The basis for the method and device of this invention is in the utilization of the differences in values of redox potentials necessary for reduction of different metal ions into metallic form, i.e. Me ( OH ) 3 + 3 e Me ; Me = Al , Cr , Fe 3 + , Me ( OH ) 2 2 e Me ; Me = Mg , Zn , Cu , Cd , Co , Fe 2 + , Ni .

The redox potentials of selected elements are shown in table 1.

TABLE 1
Normal redox potentials (E0,v)
Electron transition E0,v
K+/K −2.925
Ca2+/Ca −2.87
Na+/Na −2.713
Mg2+/Mg −2.37
Al3+/Al −1.66
Mn2+/Mn −1.19
HsnO2 + H2O/Sn −0.91
SiO2 + 4H+/Si −0.86
Zn2+/Zn −0.763
SO4 2− + 4H2O/S −0.75
Cr3+/Cr −0.74
AsO2 + 2H2O/As −0.68
SbO2 + 2H2O/Sb −0.675
Fe2+/Fe −0.44
Cd2+/Cd −0.402
Ni2+/Ni −0.23
Sn2+/Sn −0.140
Pb2+/Pb −0.126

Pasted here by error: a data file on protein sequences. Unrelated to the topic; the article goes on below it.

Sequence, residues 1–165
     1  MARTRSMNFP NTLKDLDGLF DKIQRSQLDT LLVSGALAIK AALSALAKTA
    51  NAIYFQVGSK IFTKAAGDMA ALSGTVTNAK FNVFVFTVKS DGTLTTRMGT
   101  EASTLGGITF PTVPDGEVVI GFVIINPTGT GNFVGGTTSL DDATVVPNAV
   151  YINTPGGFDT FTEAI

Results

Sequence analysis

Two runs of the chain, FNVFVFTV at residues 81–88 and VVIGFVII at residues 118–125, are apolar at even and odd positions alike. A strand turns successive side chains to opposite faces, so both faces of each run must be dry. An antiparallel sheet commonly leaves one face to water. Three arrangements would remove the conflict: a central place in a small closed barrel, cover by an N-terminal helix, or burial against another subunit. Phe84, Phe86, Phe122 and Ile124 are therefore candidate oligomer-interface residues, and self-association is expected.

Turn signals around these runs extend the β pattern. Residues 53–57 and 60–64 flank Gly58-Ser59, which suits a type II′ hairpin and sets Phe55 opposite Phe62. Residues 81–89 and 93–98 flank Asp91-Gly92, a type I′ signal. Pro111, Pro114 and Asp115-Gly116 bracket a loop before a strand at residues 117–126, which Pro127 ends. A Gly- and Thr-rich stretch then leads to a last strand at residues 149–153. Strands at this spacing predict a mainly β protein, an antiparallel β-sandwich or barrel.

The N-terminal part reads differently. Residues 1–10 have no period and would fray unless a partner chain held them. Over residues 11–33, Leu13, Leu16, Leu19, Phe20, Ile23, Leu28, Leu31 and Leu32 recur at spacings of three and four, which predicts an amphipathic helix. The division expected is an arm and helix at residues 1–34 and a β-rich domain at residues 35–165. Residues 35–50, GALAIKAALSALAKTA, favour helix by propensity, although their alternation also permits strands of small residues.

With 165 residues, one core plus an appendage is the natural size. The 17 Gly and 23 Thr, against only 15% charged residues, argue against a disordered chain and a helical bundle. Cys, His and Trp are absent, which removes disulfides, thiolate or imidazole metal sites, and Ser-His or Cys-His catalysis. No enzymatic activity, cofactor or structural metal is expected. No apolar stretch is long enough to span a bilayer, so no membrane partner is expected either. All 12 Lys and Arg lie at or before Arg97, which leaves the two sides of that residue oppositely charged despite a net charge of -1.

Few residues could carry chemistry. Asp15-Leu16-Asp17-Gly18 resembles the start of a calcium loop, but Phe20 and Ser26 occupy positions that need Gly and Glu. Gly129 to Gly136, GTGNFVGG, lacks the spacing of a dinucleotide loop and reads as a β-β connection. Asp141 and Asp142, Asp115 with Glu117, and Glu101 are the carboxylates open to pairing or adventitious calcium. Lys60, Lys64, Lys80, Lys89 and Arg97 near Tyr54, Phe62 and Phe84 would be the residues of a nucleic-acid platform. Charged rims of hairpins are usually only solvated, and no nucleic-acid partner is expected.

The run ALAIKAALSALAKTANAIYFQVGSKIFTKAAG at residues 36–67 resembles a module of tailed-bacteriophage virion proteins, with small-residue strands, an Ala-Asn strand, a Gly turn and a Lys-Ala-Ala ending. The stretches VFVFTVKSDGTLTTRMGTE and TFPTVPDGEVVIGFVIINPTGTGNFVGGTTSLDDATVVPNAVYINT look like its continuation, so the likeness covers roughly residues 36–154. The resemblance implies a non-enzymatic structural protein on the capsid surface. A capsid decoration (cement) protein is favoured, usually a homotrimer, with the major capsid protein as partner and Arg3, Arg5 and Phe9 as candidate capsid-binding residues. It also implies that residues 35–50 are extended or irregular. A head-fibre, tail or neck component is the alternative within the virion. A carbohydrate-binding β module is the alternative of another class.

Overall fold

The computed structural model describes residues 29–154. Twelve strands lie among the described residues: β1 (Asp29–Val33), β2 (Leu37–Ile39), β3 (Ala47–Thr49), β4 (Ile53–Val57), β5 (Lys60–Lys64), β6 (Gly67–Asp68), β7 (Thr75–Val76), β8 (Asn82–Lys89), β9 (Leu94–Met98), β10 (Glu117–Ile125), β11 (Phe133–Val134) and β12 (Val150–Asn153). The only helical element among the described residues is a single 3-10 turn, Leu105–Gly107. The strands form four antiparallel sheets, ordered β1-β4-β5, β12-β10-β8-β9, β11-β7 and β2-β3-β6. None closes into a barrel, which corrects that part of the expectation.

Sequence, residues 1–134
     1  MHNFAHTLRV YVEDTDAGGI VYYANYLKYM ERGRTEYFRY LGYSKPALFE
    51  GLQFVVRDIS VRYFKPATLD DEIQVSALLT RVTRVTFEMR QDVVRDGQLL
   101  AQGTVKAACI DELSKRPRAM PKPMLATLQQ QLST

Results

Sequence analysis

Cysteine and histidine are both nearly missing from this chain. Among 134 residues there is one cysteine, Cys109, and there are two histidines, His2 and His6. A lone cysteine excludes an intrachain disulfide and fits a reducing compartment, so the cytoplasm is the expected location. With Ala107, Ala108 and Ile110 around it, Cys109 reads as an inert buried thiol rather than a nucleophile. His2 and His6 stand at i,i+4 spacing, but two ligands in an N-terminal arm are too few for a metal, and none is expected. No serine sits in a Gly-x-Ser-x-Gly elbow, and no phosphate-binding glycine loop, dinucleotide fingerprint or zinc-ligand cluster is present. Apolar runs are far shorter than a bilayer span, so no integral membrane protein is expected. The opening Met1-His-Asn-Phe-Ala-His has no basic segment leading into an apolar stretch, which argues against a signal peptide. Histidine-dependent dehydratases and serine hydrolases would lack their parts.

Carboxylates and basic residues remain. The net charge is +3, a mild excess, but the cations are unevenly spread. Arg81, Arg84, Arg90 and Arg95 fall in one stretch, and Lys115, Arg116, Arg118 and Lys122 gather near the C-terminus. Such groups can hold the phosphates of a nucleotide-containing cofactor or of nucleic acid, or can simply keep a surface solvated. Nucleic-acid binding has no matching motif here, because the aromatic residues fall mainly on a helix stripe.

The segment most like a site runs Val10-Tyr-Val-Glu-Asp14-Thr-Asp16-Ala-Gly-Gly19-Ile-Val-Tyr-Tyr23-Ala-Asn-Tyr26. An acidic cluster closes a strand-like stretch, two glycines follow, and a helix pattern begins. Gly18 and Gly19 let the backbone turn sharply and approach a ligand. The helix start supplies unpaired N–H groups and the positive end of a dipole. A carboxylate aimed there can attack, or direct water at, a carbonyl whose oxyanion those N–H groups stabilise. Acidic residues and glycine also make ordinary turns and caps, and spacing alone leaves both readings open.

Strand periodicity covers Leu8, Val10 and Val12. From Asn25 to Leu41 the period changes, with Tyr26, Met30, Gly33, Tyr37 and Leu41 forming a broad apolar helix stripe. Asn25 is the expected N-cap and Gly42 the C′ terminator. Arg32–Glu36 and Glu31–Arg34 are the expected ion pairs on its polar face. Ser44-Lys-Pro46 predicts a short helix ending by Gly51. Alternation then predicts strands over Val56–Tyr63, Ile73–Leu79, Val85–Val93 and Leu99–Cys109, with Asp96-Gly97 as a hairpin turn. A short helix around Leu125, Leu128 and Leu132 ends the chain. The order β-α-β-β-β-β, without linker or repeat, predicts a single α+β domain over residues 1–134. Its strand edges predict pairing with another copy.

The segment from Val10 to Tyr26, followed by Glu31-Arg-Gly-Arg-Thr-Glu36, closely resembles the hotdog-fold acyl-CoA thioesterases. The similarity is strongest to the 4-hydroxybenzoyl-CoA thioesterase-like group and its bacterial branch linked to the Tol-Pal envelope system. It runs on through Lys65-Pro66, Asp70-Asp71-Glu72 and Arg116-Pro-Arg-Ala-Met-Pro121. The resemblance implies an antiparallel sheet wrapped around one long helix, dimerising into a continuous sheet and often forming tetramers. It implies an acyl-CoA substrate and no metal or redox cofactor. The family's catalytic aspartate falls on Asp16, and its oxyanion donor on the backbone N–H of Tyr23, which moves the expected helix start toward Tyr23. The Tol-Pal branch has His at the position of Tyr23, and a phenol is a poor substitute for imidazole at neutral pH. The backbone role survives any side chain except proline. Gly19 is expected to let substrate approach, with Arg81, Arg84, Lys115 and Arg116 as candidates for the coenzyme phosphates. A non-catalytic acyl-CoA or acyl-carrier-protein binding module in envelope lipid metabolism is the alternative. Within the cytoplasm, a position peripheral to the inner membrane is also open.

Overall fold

CrO4 2+ + 4H2O/Cr(OH)3 −0.13
Fe3+/Fe −0.036
2H+/H2 0.0
Cu2/Cu +0.337
SO4 2− + 8H+/S +0.36
½Cr2O7 2− ± 14H+/Cr3+ +0.66
Hg2+/Hg +0.85

Most of the wastewater to be purified before secondary utilization or discharge into the environment contains metals, shown in Table 1 by their Redox potentials. Other metals, as a rule, are present in wastewater (in dissolved form) either in immeasurably small amounts, or they have Redox potentials values in the range from Zn to Cu. Thus, electrochemical extraction of Zn & Cu will be always accompanied by simultaneous extraction of these metals (not in Table 1), for example, Mo, V, W, co-precipitated with Cu & Zn during electrochemical treatment of solutions containing them.